The biggest-selling Italian artist of all time explains how his global smash hit was inspired by heartbreak and cooking spaghetti
Adelmo Fornaciari – better known by his stage name, Zucchero – is regarded by many as one of the greatest Italian interpreters of the blues, and is the biggest-selling Italian artist of all time. In a career spanning three decades, he has sold over 50 million records and achieved international success, not least through collaborations with artists including Eric Clapton, Miles Davis, Ray Charles, BB King, Sting, Jeff Beck and Andrea Bocelli.
Released in 1989, Zucchero’s album Oro Incenso & Birra sold more than eight million copies and was, for a long time, the biggest selling album in the history of Italian pop music. His most successful singles include Diamante, Il Volo/My Love, Baila (Sexy Thing) and most famously of all Senza Una Donna (Without A Woman). The track was first a hit Italy, then became a global smash when he re-sang it as a duet with English singer Paul Young, going to No 1 in Belgium, Italy, Norway and Sweden, and Top 10 in 18 different countries worldwide.
Here, Zucchero explains how, like many of the all-time great pop songs, Senza Una Donna had its roots in a dose of real-life heartbreak…
“In 1987 I recorded an album called Blues that had Senza Una Donna on it. It was a big-selling album – more than 1.4 million copies. So I started to tour and play in arenas, then in ’89 I did another album called Oro Incenso & Birra that sold almost two million copies in Italy, and I started to do stadiums. In the same year, I was in London to finish my recording in Olympic Studios and I had met Paul Young. He had been on holiday in Italy the year before, and had heard the song Senza Una Donna on the radio and asked me if he could cover the song for his album. We did it together and I asked him, ‘Why don’t we do it as a duet?’. He was happy and Senza Una Donna became a big hit all around Europe.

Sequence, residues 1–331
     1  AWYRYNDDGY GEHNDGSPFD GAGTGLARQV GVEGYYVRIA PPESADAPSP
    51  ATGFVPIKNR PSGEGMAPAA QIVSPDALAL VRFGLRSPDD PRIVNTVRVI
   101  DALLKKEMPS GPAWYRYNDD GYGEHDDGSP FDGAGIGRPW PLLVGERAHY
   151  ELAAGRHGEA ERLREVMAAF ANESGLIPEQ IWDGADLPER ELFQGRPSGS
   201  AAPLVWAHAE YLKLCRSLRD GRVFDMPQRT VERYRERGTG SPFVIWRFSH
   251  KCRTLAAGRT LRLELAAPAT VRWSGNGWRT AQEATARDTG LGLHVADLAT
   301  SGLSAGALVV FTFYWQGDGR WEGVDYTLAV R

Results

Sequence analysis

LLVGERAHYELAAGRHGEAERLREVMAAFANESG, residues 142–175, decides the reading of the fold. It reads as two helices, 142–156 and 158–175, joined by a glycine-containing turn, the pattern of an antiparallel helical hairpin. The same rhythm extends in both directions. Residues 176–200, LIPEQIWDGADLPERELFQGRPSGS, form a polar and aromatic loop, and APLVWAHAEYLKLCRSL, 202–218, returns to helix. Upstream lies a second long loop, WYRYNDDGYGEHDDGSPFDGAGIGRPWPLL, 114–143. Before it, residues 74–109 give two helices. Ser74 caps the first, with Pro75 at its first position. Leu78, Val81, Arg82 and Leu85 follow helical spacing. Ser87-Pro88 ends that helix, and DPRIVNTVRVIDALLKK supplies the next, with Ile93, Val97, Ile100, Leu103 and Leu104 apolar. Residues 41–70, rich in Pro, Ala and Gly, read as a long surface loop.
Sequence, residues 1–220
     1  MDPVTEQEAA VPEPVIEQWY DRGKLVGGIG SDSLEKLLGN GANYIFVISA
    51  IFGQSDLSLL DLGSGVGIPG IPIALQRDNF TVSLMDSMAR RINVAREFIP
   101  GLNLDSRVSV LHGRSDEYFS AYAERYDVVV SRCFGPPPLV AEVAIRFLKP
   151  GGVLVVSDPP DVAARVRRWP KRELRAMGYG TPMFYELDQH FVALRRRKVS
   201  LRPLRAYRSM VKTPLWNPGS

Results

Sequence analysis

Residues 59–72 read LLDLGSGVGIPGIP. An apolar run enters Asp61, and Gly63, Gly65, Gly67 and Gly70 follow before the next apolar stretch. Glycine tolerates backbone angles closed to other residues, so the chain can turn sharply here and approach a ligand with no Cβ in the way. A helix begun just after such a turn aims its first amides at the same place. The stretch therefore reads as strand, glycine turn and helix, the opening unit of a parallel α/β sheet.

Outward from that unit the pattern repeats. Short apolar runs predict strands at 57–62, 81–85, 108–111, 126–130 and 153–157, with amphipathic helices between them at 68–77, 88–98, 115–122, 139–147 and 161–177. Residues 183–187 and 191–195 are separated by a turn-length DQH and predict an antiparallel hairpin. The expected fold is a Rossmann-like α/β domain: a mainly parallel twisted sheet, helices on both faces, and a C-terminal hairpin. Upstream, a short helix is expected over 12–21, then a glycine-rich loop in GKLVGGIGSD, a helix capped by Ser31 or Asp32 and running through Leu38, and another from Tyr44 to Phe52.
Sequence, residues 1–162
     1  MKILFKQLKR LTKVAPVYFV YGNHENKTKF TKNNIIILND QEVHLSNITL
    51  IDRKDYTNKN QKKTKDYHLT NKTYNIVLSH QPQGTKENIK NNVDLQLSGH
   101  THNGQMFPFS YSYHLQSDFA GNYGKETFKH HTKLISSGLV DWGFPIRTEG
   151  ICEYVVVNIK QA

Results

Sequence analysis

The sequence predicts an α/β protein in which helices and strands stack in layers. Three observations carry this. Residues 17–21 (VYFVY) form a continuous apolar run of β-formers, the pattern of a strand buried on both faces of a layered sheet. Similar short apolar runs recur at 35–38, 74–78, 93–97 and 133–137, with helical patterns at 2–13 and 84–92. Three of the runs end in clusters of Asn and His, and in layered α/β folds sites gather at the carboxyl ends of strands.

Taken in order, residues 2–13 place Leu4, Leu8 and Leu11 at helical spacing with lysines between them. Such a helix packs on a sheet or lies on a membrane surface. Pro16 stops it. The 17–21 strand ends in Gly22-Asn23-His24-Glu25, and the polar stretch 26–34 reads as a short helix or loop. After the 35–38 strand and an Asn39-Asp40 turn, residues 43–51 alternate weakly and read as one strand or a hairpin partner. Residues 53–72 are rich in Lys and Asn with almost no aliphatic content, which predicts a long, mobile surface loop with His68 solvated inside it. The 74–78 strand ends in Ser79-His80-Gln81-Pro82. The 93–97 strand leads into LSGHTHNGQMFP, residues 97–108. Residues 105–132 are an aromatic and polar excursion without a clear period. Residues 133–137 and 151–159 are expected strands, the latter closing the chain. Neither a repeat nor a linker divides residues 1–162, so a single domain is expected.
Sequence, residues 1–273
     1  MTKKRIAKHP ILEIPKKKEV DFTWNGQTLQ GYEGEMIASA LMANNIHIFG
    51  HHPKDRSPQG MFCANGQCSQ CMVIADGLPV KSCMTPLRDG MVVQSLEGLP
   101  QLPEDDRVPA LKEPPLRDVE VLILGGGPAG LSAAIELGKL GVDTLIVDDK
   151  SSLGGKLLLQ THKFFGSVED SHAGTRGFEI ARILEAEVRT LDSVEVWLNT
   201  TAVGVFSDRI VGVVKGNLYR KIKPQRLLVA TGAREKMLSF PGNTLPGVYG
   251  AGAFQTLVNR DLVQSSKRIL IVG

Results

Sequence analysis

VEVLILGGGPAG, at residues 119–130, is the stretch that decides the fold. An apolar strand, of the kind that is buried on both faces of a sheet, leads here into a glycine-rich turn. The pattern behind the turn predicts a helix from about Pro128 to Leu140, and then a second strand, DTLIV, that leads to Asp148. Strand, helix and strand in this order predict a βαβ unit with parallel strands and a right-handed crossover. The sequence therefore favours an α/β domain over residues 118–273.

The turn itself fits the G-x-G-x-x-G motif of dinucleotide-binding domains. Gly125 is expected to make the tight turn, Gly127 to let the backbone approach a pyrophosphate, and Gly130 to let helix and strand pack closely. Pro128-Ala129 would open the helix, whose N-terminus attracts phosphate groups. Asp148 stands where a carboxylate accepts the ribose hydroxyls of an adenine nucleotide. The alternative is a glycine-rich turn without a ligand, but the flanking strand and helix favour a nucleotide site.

“I can remember exactly how and when the idea of Senza Una Donna had originally come about. At the time, I was almost divorced by my ex-wife and I was living in a small house by myself, trying to save my marriage. I was very sad and upset. I was in the kitchen and I had to cook by myself for the first time! So I started to cook some really terrible spaghetti, and I said, ‘I can’t live without you, because I can’t cook by myself!’ That’s why I say in the song: ‘I’m here cooking by myself.’ The song came out very quickly – music and lyrics in about half an hour, I think.
“I wrote the song on the piano. I had a piano in my bedroom and I started to play this song. Then I got the chords and the melody, and made a simple demo with just a Roland 808 drum machine, a very cheap Korg keyboard and my voice. That was the demo. Then, when we decided to go into the studio, we followed the demo, basically. It was very natural, simple and genuine and it didn’t stress me as other songs do. This song came very easily. So the music was an hour and the lyrics another hour, and in two hours the whole was done!
“I did the Italian lyrics, and then when Paul Young and I decided to do the English version, my assistant at that time knew Frank Muster – he was a Greek guy, living in London, who had spent a lot of time in Italy. So he literally translated the song from Italian to English, which is why he’s credited as a writer on the record.
“I had absolutely no idea the song would be such a big hit, of course. In fact, when I did the Italian version, the one that was a hit in Italy a year before the version with Paul Young, I didn’t even want to put the song on the album! I remember recording at Eel Pie Studios in London and I was walking through Richmond Park, saying to my manager, ‘I’m not going to put this song in the album, it’s too simple,’ and he said, ‘You’re crazy! This song is great.’
“Then the producer said the same thing, so in the end, I did what they suggested. And they were probably right!”